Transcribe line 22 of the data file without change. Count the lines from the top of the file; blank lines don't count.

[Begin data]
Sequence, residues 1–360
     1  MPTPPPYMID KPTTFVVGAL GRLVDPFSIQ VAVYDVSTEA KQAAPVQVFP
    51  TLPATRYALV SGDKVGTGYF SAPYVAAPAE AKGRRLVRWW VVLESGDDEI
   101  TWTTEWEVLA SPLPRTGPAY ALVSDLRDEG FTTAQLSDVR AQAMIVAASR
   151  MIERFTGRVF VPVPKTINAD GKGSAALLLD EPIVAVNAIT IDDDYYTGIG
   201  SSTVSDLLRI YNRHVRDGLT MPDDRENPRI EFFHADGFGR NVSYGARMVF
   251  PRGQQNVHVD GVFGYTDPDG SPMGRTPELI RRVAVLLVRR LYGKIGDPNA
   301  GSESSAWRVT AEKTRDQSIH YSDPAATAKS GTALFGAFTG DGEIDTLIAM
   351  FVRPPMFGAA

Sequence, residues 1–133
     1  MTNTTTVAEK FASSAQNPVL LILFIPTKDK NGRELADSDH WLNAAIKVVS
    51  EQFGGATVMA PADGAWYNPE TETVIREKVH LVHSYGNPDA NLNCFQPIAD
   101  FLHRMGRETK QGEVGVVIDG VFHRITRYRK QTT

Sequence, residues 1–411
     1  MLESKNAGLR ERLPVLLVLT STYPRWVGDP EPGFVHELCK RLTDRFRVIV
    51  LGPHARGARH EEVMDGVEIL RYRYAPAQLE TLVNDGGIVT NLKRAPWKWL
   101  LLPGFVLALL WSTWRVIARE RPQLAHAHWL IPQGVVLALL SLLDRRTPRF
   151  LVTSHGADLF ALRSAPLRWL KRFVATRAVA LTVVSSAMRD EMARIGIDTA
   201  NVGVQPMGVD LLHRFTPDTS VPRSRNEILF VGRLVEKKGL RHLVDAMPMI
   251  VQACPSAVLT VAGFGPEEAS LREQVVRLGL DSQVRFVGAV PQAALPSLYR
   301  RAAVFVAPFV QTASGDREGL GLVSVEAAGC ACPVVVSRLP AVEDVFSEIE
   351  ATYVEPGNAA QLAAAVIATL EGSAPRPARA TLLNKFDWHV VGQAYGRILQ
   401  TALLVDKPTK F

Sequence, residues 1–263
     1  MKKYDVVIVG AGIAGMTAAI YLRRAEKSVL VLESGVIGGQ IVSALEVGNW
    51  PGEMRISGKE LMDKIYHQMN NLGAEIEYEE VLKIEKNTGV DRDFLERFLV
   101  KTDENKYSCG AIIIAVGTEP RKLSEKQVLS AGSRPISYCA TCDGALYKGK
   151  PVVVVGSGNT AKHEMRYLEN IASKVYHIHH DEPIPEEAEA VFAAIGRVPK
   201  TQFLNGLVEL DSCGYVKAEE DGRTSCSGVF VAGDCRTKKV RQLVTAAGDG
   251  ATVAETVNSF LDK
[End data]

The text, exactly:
   351  ATYVEPGNAA QLAAAVIATL EGSAPRPARA TLLNKFDWHV VGQAYGRILQ